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Plan wedding, stick to plan

Fri., Oct. 3, 2008

Dear Carolyn: I have never been a drinker. My mother and two groomsmen have drinking problems, and I do not like to be around them when they drink. My fiancee’s family has about half a dozen people who get falling-down, shout-at-the-deejay drunk at most weddings. The all-time loveliest, happiest, coolest wedding I ever went to had zero alcohol on the premises. I casually mentioned this to the bride and her family.

They tried really hard to be civil, but it was a thinly veiled combination of ice storm (father-in-law) and hurricane (mother-in-law). I didn’t even get to explain my reasons before my fiancee left the table desperately trying not to cry. I did explain in an e-mail after everyone had cooled off for a few days.

I am paying for the food and flowers. My parents generously offered to pay for the ceremony site. The in-laws-to-be offered to split the alcohol tab with my parents and me, if we had an open bar. I strongly prefer zero alcohol. My parents talked me into a conciliatory gesture – buying beer and nice wine. The in-laws-to-be were really upset that I would consider something short of open bar from 4 in the afternoon until 2in the morning.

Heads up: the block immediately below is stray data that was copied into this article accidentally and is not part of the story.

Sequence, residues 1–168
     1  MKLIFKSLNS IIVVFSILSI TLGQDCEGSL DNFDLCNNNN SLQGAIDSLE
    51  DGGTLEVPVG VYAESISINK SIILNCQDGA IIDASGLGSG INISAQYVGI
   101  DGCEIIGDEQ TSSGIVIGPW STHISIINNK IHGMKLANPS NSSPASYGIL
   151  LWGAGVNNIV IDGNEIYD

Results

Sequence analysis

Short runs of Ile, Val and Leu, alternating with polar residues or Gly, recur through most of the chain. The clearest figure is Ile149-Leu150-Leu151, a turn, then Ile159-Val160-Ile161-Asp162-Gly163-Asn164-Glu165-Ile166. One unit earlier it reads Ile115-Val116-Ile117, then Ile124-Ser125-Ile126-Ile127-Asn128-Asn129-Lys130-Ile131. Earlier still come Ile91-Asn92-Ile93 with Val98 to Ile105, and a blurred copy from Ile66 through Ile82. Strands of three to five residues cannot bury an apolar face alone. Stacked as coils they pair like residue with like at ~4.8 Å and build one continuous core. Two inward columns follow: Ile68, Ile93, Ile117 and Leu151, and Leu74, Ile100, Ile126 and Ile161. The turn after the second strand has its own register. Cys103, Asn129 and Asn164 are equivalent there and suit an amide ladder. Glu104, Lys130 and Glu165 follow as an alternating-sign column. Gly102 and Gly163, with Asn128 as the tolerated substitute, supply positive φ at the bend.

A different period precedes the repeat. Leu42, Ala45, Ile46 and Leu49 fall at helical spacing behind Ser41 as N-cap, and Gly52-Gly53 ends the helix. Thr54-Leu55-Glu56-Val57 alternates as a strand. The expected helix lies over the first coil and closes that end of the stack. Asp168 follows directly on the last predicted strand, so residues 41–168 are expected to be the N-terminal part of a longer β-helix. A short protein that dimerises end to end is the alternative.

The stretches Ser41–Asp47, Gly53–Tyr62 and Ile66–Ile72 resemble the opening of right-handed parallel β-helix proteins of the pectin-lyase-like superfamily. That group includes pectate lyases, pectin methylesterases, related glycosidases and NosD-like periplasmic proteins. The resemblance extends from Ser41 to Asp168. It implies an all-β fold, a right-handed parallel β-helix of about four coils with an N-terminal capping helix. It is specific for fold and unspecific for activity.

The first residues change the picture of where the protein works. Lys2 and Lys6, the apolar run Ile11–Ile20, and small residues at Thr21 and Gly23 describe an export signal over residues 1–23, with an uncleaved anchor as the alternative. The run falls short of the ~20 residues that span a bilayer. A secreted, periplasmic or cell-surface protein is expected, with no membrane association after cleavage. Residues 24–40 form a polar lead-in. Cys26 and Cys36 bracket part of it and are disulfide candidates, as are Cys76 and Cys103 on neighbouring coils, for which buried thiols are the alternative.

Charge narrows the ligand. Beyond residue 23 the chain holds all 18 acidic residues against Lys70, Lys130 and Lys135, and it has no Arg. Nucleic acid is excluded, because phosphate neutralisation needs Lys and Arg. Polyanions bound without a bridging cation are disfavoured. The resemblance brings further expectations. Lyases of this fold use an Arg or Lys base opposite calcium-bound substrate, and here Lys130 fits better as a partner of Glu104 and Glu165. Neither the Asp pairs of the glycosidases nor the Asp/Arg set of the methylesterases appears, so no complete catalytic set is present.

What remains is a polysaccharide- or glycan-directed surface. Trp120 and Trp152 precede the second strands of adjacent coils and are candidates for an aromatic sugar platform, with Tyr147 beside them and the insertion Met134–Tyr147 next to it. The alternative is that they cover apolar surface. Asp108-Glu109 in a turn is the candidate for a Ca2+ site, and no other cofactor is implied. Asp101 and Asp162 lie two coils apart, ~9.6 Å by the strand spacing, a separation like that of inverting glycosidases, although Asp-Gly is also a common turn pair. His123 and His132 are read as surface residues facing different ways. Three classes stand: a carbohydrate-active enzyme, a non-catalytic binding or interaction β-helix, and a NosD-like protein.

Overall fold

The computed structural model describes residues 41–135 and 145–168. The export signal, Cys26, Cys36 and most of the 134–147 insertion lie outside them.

My fiancee is miserable and frantic unless everyone is really happy. I do not want to bring up a point of disagreement unless I have a solid, smooth solution. I am really struggling here. – Muddled in Madison, Wis.

I’m flirting with self-parody here, but I’ll say it anyway: This is not about alcohol at weddings!

Really. You’re trying to keep everyone from drinking, and your fiancee is trying to keep everyone from fighting.

Dry wedding = flask smuggling.

Trying to please everyone = pleasing nobody.

Assuming responsibility for others’ behavior = carrying the family baggage.

Apparently, you both come from households where alcohol got the last word. That’s a famously difficult emotional legacy, even when the drinkers have long since gotten help, which the drinkers here apparently haven’t.

The resources for families are famous, too, Al-Anon foremost among them. Less obvious is when we ourselves might benefit from them. Please consider a meeting to see if it helps your perspective on the open-bar debate. Or just browse the Web site, Al-Anon-Alateen.org.

As for the wedding itself, you probably know in theory that you and your fiancee alone have the last word. So, put it into practice: Tune out everyone else and then figure out, together, how to meet each other halfway.

And finally: the deejay. He might be grateful for a heads-up.

E-mail Carolyn at tellme@washpost.com.

 

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